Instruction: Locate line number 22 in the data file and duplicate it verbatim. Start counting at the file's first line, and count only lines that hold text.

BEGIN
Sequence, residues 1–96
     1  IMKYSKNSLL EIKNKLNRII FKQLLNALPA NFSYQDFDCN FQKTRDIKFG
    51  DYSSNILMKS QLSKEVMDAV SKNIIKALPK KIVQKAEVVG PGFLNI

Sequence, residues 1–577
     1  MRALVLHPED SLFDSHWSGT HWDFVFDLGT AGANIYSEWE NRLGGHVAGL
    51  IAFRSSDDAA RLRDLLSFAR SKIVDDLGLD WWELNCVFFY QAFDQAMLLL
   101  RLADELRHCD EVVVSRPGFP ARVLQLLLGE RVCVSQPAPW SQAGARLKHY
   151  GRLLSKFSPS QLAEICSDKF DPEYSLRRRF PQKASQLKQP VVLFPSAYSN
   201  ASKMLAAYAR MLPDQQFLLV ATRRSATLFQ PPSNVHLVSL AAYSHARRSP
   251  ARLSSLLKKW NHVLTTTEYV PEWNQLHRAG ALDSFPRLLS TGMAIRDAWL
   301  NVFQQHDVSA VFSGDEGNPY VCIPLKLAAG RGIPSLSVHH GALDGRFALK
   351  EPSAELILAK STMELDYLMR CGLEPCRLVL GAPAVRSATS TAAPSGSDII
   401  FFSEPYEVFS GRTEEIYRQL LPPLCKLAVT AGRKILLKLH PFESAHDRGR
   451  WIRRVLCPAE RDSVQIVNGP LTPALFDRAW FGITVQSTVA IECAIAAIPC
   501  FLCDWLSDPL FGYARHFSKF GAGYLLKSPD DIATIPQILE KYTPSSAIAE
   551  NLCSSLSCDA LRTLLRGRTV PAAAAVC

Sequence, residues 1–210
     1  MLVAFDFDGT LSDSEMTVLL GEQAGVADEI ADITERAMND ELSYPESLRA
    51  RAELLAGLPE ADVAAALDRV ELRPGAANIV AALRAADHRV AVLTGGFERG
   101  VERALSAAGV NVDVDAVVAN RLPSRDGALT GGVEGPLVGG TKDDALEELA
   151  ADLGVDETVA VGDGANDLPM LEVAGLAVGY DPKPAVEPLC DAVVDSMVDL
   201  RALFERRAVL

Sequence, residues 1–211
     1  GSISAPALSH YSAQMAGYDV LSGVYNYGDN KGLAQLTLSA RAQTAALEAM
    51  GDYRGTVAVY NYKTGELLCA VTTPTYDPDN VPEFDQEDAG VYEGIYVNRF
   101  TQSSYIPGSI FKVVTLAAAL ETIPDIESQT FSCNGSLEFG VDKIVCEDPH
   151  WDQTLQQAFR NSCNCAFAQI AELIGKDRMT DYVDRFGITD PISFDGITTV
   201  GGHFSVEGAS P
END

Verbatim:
   201  RALFERRAVL